In February 2010 Tom Jiunta and a small group of residents in northeastern Pennsylvania formed the Gas Drilling Awareness Coalition (GDAC), an environmental organization opposed to hydraulic fracturing in the region. The group sought to appeal to the widest possible audience, and was careful about striking a moderate tone. All members were asked to sign a code of conduct in which they pledged to carry themselves with "professionalism, dignity, and kindness" as they worked to protect the environment and their communities. GDAC's founders acknowledged that gas drilling had become a divisive issue misrepresented by individuals on both sides and agreed to "seek out the truth."
The group of about 10 professionals — engineers, nurses, and teachers — began meeting in the basement of a member's home. As their numbers grew, they moved to a local church. In an effort to raise public awareness about the risks of hydraulic fracturing (or "fracking") they attended township meetings, zoning and ordinance hearings, and gas-drilling forums. They invited speakers from other states affected by gas drilling to talk with Pennsylvania residents. They held house-party style screenings of documentary films.
Since the group had never engaged in any kind of illegal activity or particularly radical forms of protest, it came as a shock when GDAC members learned that their organization had been featured in intelligence bulletins compiled by a private security firm, The Institute of Terrorism Research and Response (ITRR). Equally shocking was the revelation that the Pennsylvania Department of Homeland Security had distributed those bulletins to local police chiefs, state, federal, and private intelligence agencies, and the security directors of the natural gas companies, as well as industry groups and PR firms. News of the surveillance broke in September 2010 when the director of the Pennsylvania Department of Homeland Security, James Powers, mistakenly sent an email to an anti-drilling activist he believed was sympathetic to the industry, warning her not to post the bulletins online. The activist was Virginia Cody, a retired Air Force officer. In his email to Cody, Powers wrote: "We want to continue providing this support to the Marcellus Shale Formation natural gas stakeholders while not feeding those groups fomenting dissent against those same companies."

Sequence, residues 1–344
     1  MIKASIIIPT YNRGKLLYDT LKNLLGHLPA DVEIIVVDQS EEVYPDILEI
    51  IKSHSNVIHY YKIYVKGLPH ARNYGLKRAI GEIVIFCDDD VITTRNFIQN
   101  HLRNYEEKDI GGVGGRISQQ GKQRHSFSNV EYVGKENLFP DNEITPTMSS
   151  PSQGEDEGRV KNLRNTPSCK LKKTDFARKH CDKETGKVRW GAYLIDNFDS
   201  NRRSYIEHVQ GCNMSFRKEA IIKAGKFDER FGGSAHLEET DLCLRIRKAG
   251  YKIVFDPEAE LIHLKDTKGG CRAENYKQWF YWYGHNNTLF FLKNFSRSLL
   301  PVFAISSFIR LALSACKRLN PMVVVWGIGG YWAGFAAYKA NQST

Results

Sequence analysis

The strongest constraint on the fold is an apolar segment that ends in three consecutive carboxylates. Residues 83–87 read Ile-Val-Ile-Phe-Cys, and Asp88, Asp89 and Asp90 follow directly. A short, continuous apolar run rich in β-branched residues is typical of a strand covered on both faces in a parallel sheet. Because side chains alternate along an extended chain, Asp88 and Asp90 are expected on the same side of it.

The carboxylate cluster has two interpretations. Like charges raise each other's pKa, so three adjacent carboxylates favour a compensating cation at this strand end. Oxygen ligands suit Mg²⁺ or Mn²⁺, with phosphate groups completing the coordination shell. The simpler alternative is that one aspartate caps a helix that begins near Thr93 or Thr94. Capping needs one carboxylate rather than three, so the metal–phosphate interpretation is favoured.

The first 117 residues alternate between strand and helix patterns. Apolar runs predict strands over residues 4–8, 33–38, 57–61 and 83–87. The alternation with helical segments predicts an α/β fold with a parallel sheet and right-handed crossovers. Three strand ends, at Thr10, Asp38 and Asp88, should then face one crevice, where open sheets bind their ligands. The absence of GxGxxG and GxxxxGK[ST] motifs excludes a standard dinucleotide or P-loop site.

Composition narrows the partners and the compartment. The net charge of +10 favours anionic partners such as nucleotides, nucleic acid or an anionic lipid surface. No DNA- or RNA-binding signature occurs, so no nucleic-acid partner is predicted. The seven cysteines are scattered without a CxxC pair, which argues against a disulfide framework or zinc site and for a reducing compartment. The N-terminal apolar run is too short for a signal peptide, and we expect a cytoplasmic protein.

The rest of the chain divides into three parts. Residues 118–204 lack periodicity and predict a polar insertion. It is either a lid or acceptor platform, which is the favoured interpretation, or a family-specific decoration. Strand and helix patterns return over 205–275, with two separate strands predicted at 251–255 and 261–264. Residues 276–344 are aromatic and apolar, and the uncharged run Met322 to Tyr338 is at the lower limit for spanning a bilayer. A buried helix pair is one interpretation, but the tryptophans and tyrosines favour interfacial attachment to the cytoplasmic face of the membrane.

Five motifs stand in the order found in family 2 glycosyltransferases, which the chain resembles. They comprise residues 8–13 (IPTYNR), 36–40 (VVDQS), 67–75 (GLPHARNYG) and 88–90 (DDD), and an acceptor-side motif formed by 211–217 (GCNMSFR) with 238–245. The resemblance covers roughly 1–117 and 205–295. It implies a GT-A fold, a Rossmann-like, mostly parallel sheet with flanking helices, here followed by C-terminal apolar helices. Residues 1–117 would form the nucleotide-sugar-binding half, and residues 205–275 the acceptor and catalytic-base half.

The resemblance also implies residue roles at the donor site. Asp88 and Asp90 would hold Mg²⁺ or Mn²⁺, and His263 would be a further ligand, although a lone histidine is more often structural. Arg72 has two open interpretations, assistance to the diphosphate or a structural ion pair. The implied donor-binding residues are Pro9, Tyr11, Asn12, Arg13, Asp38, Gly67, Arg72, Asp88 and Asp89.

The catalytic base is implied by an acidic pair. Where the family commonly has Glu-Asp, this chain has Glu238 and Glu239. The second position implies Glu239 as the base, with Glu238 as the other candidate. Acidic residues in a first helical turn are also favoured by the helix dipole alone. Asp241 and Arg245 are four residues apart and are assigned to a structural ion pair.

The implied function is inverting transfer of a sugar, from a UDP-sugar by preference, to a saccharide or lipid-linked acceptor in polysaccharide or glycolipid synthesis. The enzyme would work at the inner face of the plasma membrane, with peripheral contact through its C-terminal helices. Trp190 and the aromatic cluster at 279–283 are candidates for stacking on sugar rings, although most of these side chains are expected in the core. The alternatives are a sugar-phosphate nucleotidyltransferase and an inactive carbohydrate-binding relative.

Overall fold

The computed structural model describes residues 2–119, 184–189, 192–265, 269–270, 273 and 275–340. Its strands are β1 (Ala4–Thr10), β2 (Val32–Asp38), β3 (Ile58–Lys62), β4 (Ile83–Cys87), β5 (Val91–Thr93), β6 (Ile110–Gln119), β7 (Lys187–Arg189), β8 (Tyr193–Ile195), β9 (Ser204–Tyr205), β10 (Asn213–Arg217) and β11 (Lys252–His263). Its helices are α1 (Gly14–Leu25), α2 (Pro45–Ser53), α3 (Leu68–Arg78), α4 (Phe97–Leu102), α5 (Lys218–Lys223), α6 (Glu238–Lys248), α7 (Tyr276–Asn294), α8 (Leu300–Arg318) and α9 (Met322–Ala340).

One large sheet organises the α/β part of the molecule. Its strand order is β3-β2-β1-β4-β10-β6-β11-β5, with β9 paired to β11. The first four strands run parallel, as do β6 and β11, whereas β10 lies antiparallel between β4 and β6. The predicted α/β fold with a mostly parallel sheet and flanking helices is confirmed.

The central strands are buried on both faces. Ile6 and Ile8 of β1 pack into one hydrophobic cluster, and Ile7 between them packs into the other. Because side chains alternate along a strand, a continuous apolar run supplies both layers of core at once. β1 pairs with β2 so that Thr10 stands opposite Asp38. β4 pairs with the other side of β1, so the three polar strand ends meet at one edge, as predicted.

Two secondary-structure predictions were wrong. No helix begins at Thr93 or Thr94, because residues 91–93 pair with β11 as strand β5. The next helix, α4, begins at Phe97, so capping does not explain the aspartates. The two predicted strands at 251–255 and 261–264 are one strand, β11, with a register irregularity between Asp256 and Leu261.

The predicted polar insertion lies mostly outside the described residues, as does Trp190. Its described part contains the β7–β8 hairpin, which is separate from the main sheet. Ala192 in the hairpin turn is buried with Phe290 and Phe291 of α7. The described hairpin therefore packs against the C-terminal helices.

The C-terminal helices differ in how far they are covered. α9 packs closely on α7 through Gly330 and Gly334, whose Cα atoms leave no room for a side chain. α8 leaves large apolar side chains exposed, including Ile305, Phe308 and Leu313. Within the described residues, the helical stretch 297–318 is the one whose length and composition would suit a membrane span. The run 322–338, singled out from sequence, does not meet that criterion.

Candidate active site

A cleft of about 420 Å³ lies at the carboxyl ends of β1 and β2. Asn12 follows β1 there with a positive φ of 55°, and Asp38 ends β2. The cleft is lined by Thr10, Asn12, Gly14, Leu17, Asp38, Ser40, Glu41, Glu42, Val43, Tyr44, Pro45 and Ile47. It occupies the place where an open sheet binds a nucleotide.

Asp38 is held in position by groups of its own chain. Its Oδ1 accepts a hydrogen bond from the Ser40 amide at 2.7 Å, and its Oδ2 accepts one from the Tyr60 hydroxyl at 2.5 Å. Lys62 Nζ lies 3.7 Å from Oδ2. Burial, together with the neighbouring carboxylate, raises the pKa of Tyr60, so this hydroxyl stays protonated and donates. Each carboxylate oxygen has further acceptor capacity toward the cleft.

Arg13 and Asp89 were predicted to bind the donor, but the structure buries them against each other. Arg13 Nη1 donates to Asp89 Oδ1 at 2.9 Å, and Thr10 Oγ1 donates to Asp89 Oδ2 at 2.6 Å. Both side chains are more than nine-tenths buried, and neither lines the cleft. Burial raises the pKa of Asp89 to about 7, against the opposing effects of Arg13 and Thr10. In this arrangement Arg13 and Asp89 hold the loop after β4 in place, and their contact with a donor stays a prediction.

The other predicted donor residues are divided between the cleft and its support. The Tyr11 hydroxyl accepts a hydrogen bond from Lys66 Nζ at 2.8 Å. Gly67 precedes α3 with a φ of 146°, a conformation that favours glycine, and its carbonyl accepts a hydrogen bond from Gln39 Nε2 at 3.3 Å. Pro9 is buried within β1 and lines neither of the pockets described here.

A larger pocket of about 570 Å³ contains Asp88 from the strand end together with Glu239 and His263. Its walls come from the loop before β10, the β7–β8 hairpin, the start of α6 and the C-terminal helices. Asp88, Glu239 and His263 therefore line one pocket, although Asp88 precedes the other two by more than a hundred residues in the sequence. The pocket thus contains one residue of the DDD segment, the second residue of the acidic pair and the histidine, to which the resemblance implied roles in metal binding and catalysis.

The tri-weekly bulletins featured a wide range of supposed threats to the state's infrastructure. It included warnings about Al-Qaeda affiliated groups, pro-life activists, and Tea Party protesters. The bulletins also included information about when and where groups like GDAC would be meeting, upcoming protests, and anti-fracking activists' internal strategy. The raw data was followed by a threat assessment — low, moderate, severe, or critical — and a brief analysis.
For example, bulletin no. 118, dated July 30, 2010 gave a low to moderate threat rating in reference to public meetings that anti-drilling activists planned to attend, and suggested that an "attack is likely… and might well be executed." The threat assessment was accompanied by this note: "The escalating conflict over natural gas drilling in Pennsylvania may define local fault lines and potentially increase area environmentalist activity or eco-terrorism. GDAC communications have cited Northeastern Pennsylvania counties, specifically Wyoming, Lackawanna and Luzerne, as being in real 'need of our help' and as facing a 'drastic situation.'" Another bulletin referenced an August 2010 FBI assessment of the growing threat of environmental activism to the energy industry. Because of Pennsylvania's importance in the production of natural gas, ITRR concluded, an uptick in vandalism, criminal activity, and extremism was likely.
Although the Pennsylvania scandal caused a brief public outcry, it was quickly brushed aside as an unfortunate mistake. In fact, the episode represents a larger pattern of corporate and police spying on environmental activists fueled in part by the expansion of private intelligence gathering since 9/11.